Bridges of Respect Update, Our Hen House Interviews CAA, and A Meaningful Life
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For those of us who have the privilege of meeting thousands of students a year, nothing delights us more than to have an attentive class ready to share and eager to learn.
As Compassionate Action for Animals' humane education program Bridges of Respect finishes up its 12th year of presentations in middle, high schools, and colleges around the Twin Cities, we reflect on how today's youth are ready to work at making a difference.
We've seen a growing number of discussions around global food issues in classes like Family & Consumer Science, Health, and Home Economics. Bridges of Respect is getting more and more requests for our Ethics & Environment presentation, where we have the opportunity to compare and contrast veganism with animal agriculture. From antibiotic resistant germs, waste runoff, and algae blooms to topsoil erosion, pandemics like bird flu, and rampant animal cruelty, the food industry is in need of what the president of the International Institute for Humane Education calls conscientious change-makers.
During our food-related presentations this year, we were excited to expand our vegan food sample offerings. CAA volunteers prepared Tofurky sandwiches with Vegenaise and lettuce, along with soy milk, for 140 students at Como High School in St Paul. They were a hit! We had one positive evaluation after another about the sandwiches. One student was a little surprised remarking, "I can't believe this isn't meat" and simply "it's good."
Throughout 2011 we provided nearly every presentation topic we offer at 10 different local high schools and colleges. Students at New Beginnings High School in Chaska listed to our Beyond Violence presentation, where we discussed how our treatment of animals can desensitize us to violence, or can lead us to a more compassionate community. Our long-time humane educator Christine Coughlin shared our Animals in Entertainment presentation with students at Edina High School. Christine is also president of Minnesota Voters for Animal Protection and is able to bring her real world experience of working on animal protection with policy makers and the media into the classroom.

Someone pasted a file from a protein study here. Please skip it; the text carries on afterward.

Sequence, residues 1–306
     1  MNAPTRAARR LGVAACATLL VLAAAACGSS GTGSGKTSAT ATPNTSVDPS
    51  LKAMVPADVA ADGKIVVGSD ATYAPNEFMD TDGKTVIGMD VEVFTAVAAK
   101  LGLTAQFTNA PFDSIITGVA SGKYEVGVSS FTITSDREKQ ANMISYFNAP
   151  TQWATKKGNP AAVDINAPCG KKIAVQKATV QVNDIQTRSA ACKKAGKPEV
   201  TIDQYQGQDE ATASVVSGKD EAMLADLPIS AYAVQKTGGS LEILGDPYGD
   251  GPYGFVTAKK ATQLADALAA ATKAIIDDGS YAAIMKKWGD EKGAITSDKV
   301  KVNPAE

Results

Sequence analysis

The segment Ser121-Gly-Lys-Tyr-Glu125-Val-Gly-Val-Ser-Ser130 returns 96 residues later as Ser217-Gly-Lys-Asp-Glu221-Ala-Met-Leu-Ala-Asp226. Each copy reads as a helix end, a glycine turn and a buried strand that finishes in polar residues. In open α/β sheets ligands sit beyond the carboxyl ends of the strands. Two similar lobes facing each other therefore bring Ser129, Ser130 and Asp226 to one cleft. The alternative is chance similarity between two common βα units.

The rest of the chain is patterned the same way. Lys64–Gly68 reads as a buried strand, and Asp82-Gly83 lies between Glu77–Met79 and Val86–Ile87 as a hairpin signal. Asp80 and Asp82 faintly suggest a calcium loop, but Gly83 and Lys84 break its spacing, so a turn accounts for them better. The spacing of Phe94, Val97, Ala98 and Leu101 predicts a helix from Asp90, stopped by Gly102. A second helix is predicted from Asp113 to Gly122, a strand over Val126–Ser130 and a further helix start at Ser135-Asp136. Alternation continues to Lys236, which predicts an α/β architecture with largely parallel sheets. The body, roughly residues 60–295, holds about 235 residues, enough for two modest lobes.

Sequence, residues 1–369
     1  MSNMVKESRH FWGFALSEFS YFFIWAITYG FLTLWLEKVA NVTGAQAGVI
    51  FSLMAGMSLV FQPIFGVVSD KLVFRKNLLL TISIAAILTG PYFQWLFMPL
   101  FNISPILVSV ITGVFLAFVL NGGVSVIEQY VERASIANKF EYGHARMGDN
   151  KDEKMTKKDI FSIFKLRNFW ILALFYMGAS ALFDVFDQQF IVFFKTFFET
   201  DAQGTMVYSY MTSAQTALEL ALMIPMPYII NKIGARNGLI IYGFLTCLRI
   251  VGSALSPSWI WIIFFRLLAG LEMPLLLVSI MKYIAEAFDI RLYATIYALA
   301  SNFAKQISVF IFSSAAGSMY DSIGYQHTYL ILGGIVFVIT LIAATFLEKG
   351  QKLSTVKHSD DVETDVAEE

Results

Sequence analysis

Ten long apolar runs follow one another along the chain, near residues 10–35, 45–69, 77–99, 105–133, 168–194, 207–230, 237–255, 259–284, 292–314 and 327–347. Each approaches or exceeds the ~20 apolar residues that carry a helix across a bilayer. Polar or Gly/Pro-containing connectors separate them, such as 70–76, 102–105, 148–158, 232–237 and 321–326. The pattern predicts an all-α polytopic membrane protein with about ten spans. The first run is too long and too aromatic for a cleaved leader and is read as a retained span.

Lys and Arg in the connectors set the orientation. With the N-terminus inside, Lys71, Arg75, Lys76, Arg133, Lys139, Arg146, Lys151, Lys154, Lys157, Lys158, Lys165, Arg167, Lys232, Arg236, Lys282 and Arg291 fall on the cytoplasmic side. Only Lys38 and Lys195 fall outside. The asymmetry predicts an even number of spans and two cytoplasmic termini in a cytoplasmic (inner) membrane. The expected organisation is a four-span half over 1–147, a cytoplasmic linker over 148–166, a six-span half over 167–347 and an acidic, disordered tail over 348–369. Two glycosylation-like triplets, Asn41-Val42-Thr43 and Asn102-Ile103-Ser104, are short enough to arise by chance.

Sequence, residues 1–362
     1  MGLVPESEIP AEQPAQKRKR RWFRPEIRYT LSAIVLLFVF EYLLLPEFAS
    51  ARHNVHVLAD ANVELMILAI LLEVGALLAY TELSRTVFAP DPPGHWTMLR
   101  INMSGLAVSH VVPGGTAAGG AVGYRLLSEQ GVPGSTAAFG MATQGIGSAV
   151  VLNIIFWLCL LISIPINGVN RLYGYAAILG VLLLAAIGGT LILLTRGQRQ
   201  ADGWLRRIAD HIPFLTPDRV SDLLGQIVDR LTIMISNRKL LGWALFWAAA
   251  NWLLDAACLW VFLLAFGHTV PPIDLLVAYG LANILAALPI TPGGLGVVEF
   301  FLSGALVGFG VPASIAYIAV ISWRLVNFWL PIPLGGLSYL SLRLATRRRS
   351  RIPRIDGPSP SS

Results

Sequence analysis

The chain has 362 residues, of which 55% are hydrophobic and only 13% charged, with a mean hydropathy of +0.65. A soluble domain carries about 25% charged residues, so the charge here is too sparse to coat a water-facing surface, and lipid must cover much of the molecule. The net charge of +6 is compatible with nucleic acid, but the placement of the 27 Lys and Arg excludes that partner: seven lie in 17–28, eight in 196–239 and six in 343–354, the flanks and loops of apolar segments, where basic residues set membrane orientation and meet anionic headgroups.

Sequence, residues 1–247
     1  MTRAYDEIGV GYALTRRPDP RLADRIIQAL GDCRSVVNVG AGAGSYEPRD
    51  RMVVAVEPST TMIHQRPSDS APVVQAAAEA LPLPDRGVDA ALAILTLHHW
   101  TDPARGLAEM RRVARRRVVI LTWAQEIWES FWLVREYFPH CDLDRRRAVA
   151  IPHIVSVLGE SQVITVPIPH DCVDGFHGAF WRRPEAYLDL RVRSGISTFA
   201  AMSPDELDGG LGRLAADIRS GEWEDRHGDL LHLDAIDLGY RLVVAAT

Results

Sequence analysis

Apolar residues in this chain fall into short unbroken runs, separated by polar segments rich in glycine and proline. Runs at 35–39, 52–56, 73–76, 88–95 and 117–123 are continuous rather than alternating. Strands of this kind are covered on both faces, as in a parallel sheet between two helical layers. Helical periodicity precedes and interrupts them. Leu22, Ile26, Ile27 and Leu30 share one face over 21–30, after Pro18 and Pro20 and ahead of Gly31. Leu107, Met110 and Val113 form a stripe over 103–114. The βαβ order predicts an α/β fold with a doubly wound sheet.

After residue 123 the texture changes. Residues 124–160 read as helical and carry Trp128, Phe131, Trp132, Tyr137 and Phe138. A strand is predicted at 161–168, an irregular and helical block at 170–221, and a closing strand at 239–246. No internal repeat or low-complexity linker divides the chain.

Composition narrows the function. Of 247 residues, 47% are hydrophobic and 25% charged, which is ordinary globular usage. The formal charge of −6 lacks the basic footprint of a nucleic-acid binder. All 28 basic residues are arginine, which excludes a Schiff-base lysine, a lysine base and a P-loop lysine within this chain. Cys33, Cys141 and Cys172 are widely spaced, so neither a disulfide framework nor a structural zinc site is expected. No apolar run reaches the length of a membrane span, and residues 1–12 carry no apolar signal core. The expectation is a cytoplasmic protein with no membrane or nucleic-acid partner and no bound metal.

Humane education offers students solutions that are interconnected with their daily choices. It offers students the critical thinking skills they need to evaluate what's most important for people, animals, and the environment. Young people are taking action: preserving resources, volunteering where needed, seeking cosmetics made without animal testing, practicing veganism, or reducing their consumption of animal products. In an article titled A Case for Humane Education, Tim Donahue, an instructor with Humane Education Advocates Reaching Teachers (HEART), talks about the action-based curricula of humane education:
"It is uncertain whether 21st century students are so inundated with tales of extinction, erosion, and overturned tipping points that they have become overburdened and demoralized. It is certain, however, that these students need to learn that our pressing problems offer exciting and viable solutions."
As students begin analyzing their choices and making public contributions based on their convictions, the value of humane education is increasingly recognized by society at large. Humane education is now a public school mandate in 13 states. As it grows, Bridges of Respect will be there to meet the need.
Our Hen House, a premier media source for animal activism, interviews Compassionate Action for Animals' Executive Director, Unny Nambudiripad, about food activism.
In the first of the two part series, Unny talks about the ins and outs of food giveaways. Drawing on CAA's long and extensive efforts to feed vegan food and get the word out about plant-based options, Unny talks about how to conduct them and why they're effective.
In the second part, Unny talks about CAA's successes reaching out to restaurants, food service providers, and cooking classes.
These interviews were conducted by Our Hen House, an excellent resource for animal activists. Its blog and podcast have helpful tips and resources to empower every animal activist.
Making a Real Difference in Today's World by Matt Ball
Everyone who wants to make the world a better place faces the same challenge: opening people's hearts and minds to new ideas.
Those who are successful in making the world a better place are students of human nature. They understand that each of us is born with a certain intrinsic nature, raised to follow specific beliefs, and taught to hold particular prejudices. Over time, we discover new "truths" and abandon others, altering our attitudes, principles, and values.
Even though we can recognize that our belief system changes over time, at any given point, most of us believe our current opinions are "right" - our convictions well founded, our actions justified. We each want to think we are, at heart, a good person. Even when, years later, we find ourselves reflecting on previously held beliefs with a sense of bemusement (or worse), it rarely occurs to us that we may someday feel the same way toward the attitudes we now hold.